Heatwaves and high temperatures threatening young lives in South Asia: UNICEF

According to UNICEF, 460 million children under the age of 18 live in a place with 83 or more days per year with temperatures above 35 °C. The Children’s Climate Risk Index (CCRI) for 2021 by UNICEF indicates that children in Afghanistan, Bangladesh, India, the Maldives, and Pakistan are “extremely high risk” regions for the effects of climate change. Children’s conditions can get worse in the heat even while it’s raining. Children are not able to swiftly expel extra heat from their bodies because they are slow to adjust to temperature fluctuations. In addition to resulting in illnesses and symptoms like increased body temperature, rapid heartbeat, cramps, severe headache, confusion, organ failure, dehydration, fainting, and coma in young children, this can also result in poor mental development in infants and developmental setbacks like neurological dysfunction and cardiovascular diseases. Pregnant women, who are especially susceptible to heat, run the risk of early contractions, hypertension, seizures, high blood pressure, preterm births, and stillbirths. Young children’s body temperatures can be lowered by ice packs, fans, or water misting, while older children may benefit from submersion in cold water.  In the end, those most at risk—children, adolescents, and women—are the ones who suffer the most from extreme weather conditions.

China’s Zaozhuang is transitioning towards a “green” environment and promoting the clustering of lithium battery industry chains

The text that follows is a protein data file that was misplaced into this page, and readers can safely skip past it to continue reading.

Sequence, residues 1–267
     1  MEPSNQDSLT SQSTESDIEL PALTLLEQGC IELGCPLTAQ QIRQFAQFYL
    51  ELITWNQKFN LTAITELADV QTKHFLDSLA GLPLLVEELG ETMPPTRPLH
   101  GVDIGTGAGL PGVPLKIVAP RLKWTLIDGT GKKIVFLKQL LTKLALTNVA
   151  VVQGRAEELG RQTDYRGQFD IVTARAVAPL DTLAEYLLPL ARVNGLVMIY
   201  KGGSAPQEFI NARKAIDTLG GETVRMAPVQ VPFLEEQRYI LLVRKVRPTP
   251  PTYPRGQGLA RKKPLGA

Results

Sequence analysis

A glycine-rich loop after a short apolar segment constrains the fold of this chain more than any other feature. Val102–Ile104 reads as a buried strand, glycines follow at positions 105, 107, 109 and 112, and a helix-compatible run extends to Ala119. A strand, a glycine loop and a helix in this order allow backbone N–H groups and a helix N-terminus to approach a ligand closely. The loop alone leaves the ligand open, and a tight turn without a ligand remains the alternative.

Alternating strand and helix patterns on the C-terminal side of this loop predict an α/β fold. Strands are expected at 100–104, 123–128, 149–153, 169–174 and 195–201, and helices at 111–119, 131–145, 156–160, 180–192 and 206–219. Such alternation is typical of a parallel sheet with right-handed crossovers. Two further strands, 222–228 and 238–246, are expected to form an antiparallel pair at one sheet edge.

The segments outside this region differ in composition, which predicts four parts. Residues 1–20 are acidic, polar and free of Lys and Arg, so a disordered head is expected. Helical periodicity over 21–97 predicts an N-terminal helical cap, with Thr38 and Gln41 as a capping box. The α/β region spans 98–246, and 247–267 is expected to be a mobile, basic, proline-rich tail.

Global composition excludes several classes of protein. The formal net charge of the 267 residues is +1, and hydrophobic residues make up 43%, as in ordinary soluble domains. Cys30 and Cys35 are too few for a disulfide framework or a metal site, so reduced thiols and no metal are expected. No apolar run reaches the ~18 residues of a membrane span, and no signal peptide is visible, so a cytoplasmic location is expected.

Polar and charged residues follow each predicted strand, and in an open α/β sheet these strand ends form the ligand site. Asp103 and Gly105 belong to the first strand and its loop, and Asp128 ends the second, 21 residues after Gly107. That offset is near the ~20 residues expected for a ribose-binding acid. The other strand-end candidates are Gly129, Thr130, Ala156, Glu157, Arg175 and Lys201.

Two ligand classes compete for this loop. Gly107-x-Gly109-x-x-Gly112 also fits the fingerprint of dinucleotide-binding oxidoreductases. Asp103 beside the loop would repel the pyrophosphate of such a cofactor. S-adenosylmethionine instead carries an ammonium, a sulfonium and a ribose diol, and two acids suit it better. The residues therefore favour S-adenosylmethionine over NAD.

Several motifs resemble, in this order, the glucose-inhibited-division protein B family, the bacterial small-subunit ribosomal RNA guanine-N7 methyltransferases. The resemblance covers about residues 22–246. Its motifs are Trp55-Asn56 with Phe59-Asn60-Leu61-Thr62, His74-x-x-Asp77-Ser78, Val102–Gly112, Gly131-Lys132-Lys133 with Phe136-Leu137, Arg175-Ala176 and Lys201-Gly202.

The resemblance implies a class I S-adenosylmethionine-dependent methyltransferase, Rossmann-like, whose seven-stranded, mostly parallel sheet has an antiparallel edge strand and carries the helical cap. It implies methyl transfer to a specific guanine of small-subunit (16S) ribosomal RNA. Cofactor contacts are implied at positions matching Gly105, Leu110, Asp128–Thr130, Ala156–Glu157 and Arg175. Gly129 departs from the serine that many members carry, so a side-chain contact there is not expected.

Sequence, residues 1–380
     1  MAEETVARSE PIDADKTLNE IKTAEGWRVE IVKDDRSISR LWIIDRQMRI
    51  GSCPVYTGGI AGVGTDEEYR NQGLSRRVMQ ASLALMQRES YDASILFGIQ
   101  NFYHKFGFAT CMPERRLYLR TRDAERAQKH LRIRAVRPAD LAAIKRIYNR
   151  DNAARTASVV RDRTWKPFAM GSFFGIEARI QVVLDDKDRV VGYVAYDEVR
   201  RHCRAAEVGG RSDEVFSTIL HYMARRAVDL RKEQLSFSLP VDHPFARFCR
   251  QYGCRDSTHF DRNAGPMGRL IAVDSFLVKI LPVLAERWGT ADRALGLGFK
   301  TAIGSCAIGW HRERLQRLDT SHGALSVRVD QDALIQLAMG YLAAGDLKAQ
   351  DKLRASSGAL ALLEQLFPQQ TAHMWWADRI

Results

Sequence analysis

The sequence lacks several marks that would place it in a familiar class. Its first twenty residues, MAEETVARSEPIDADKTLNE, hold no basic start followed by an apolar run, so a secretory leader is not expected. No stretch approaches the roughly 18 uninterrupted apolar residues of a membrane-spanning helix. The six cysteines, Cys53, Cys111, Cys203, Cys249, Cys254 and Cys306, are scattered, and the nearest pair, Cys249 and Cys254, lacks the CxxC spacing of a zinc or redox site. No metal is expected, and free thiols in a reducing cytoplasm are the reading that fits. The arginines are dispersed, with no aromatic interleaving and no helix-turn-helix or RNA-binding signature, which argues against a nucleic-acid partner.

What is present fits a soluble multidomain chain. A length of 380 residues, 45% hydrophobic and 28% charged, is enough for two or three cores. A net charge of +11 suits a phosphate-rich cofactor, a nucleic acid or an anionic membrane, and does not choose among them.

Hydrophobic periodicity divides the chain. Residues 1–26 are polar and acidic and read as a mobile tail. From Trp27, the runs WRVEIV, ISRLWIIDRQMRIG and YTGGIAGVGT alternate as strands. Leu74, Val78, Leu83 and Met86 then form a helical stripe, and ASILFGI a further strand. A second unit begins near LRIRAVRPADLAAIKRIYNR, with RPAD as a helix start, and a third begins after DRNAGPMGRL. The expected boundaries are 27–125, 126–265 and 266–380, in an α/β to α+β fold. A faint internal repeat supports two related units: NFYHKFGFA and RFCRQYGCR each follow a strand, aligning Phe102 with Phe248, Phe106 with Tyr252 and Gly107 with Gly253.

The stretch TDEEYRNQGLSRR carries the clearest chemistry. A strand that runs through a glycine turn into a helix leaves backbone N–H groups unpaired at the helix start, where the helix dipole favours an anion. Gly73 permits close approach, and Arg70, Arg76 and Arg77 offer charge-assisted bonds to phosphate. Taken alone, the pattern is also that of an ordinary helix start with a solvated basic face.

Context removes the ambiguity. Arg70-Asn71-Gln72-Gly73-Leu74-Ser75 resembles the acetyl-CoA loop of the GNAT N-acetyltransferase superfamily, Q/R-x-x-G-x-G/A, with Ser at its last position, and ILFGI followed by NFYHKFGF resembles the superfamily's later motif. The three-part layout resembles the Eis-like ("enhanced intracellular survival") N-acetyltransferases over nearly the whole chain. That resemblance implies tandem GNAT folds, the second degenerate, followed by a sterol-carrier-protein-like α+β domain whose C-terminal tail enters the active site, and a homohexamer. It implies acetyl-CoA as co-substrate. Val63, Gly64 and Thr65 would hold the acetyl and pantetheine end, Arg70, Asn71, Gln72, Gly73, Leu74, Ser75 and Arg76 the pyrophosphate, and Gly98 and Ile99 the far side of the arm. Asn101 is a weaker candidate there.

As a coal-dependent city, Zaozhuang has recently seized significant opportunities like the national implementation of the “dual carbon” strategy, the creation of a green, low-carbon, and high-quality development pilot zone in Shandong, and the support of Shandong to cluster and develop the lithium battery industry in our city. It has continually pushed the high-end, environmentally friendly, and intelligent development of the lithium battery industry, supported the transition to a “green” energy structure, and made every effort to create a city that is safe, efficient, and uses new energy sources. The first Zaozhuang International Lithium Battery Industry Exhibition was successfully held in the city in September 2022, creating an international platform for comprehensive services that combines product display, technical exchange, research and development cooperation, investment promotion and docking, and science education. 32 significant projects with a combined investment of 133.5 billion yuan were successfully inked during this time, as well as invitations to over 1200 guest merchants and 165 renowned businesses. The 2023 Zaozhuang International Lithium Battery Industry Exhibition will take place in Zaozhuang on September 16 under the direction of the China International Chamber of Commerce. It is being organized by the Zaozhuang Municipal People’s Government, the Shandong Provincial Council for the Promotion of International Trade, and the Shandong Provincial Energy Bureau.